Rutherfordton in Rutherford County, North Carolina — The American South (South Atlantic)
Green River Plantation
óStoneman's Raid ó
On March 24, 1865, Union Gen. George Stoneman led 6,000 cavalrymen from Tennessee into southwestern Virginia and western North Carolina to disrupt the Confederate supply line by destroying sections of the Virginia and Tennessee Railroad, the North Carolina Railroad, and the Piedmont Railroad. He struck at Boone on March 28, headed into Virginia on April 2, and returned to North Carolina a week later. Stonemanís Raid ended at Asheville on April 26, the day that Confederate Gen. Joseph E. Johnson surrendered to Union Gen. William T. Sherman near Durham.
Late in April 1865, Green River Plantation received uninvited guests: a detachment of U.S. cavalrymen, likely part of Col. William J. Palmerís brigade of Stonemanís raiders. Hungry men and horses in need of forage filled the yard. According to family tradition, horses quartered in the house left footprints in the parlor floor.
Union Gen. Alvan C. Gillemís brigade of Stonemanís command entered Polk County from Rutherford County and rode through Columbus on April 22, after Confederate forces blocked Gillemís path to Asheville at Swannanoa Gap. He ordered Col. William J. Palmer, who was taking another route, to establish his headquarters in Rutherfordton, then follow Gillemís force. Palmer remained in Rutherfordton until
Another Union foraging party arrived at Green River Plantation in November 1863. Margaret Carson Weaver, who owned the property, wrote to her niece on November 14,
We have had at our door the devil himself. The (Federals) took what food we had stored in the house and demanded that our chickens be killed for their supper. After no more than an hour they left his place, but they said they would come back. We no longer feel as safe as we once did.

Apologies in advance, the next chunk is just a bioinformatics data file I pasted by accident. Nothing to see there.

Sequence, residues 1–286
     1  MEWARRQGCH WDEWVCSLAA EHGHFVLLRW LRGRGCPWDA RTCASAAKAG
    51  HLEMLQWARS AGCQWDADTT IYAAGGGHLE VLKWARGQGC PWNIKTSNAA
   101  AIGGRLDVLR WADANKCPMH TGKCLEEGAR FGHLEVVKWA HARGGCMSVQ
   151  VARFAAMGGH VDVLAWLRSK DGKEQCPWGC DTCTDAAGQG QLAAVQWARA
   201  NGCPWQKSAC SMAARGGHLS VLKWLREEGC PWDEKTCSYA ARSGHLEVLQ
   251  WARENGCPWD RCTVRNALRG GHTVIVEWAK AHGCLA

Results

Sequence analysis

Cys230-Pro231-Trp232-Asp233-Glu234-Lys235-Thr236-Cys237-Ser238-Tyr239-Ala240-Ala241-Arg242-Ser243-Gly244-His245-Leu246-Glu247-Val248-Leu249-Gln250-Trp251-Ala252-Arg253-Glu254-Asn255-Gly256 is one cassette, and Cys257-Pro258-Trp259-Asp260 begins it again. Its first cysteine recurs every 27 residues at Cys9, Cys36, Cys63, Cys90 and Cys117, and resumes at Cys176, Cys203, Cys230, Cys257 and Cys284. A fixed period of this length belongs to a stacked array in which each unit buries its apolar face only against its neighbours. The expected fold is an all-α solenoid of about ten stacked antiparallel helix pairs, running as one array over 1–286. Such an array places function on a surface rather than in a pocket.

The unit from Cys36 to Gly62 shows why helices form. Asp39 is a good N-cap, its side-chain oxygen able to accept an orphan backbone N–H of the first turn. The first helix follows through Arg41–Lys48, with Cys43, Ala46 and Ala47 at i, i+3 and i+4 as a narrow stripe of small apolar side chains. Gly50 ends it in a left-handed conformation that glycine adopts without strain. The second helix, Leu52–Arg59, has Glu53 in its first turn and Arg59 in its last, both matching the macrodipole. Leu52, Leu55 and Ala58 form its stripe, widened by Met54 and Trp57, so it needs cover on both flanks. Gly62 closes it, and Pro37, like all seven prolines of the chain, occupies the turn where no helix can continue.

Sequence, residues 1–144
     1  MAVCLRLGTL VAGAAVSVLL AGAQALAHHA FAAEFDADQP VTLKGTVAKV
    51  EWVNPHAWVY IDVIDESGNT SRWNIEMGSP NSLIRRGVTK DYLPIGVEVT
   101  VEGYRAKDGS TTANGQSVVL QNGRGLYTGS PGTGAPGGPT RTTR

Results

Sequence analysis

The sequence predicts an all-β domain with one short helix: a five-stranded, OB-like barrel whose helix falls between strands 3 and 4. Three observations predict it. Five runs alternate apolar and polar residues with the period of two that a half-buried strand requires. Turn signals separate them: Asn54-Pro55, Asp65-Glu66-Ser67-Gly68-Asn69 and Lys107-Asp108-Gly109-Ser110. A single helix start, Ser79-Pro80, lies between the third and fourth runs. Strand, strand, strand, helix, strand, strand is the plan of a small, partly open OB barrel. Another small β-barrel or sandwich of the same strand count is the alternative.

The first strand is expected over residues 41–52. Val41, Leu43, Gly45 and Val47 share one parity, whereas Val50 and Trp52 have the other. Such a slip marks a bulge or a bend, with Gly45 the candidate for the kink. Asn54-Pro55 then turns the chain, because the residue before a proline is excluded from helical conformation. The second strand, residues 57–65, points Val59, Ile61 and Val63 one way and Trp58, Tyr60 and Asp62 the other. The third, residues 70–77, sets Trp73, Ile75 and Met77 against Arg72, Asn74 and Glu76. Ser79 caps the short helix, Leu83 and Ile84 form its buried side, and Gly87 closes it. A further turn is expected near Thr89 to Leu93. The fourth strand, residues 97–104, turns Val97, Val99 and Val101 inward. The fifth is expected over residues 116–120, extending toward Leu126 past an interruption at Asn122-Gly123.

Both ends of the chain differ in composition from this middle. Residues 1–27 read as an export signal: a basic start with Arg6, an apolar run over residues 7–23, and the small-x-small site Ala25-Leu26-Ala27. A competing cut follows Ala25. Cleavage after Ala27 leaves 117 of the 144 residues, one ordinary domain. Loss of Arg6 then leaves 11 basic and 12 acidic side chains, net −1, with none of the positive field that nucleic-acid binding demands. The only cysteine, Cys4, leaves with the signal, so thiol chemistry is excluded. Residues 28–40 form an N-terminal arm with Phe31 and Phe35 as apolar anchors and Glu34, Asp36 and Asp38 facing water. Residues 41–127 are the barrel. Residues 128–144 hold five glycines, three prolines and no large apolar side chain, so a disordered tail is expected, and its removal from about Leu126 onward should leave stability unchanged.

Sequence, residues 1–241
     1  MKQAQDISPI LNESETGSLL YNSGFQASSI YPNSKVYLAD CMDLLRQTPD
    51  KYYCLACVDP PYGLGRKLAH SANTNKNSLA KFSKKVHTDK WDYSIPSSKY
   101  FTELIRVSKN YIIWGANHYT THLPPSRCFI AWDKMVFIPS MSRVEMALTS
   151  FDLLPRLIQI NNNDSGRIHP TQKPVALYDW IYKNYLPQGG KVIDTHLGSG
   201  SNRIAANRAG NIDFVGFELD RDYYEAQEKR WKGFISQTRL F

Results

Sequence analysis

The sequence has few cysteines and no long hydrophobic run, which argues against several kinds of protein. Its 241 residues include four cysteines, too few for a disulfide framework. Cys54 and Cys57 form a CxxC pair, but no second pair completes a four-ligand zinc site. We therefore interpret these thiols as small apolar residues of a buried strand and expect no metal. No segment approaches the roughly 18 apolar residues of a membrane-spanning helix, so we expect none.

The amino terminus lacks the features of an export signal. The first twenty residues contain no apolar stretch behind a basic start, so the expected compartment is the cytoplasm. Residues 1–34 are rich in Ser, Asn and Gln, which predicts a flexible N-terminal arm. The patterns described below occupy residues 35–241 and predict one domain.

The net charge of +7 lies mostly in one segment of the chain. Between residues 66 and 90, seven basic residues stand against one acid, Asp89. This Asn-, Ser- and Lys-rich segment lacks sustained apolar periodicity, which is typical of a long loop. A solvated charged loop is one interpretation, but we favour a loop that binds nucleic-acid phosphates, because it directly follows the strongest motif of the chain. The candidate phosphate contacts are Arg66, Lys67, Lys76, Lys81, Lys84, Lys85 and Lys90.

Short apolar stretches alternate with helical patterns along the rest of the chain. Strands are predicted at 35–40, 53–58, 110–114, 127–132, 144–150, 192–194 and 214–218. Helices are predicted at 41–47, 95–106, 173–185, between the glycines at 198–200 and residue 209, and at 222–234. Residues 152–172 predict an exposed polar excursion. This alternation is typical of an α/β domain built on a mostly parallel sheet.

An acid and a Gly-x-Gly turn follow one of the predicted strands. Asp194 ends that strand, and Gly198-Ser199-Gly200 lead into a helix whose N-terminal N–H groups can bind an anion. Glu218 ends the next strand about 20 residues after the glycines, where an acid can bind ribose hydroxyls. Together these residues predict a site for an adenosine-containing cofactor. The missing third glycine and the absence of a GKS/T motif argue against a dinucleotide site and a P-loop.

Joseph McDowell Carson, born at the Carson House in McDowell County, built this house early in the 19th century. It reflects Federal-style architecture remodeled about mid-century in the Greek Revival style. Carson died in 1860. His son, John Montazuma Carson, enlisted in Co. B (Butler Guards), 2nd South Carolina Infantry in May 1861 and was wounded in the First Battle of Manassas on July 21, 1861. Within hours of the battle, trains carried many of the casualties to the general hospital in Charlottesville, Virginia. John
(lower left) Green River Plantation, ca. 1879 Courtesy Green River Plantation; Margaret Carson Weaver Courtesy Green River Plantation
(upper right) John M. Carson Courtesy Dr. William I. Forbes III
(lower right) Route of Stoneman's Raid in Tennessee, Virginia, and North Carolina, March-April 1865 -
Erected by North Carolina Civil War Trails.
Marker series. This marker is included in the North Carolina Civil War Trails marker series.
Location. 35° 17.085′ N, 82° 1.194′ W. Marker is in Rutherfordton, North Carolina, in Rutherford County. Marker is on Coxe Road (County Route 1005) 0.4 miles east of River Crest Parkway, on the left when traveling east. Touch for map. Marker is at or near this postal address: 6333 Coxe Road, Rutherfordton NC 28139, United States of America.
Other nearby markers. At least 8 other markers are within 7 miles of this marker, measured as the crow flies. Rutherfordton (approx. 6.7 miles away); Tryon's March (approx. 6.8 miles away); North Carolina / South Carolina (approx. 6.8 miles away); Ibra Charles Blackwood Rutherford County (approx. 6.8 miles away); Rutherfordton Confederate Monument (approx. 6.8 miles away); Stoneman's Raid (approx. 6.8 miles away); First Baptist Church (approx. 6.9 miles away). Touch for a list and map of all markers in Rutherfordton.
Also see . . . Green River Plantation. (Submitted on September 25, 2014.)
Categories. • War, US Civil •
Credits. This page was last revised on June 16, 2016. This page originally submitted on September 24, 2014, by Don Morfe of Baltimore, Maryland. This page has been viewed 357 times since then and 22 times this year. Photos: 1, 2, 3, 4, 5, 6. submitted on September 24, 2014, by Don Morfe of Baltimore, Maryland. • Bernard Fisher was the editor who published this page.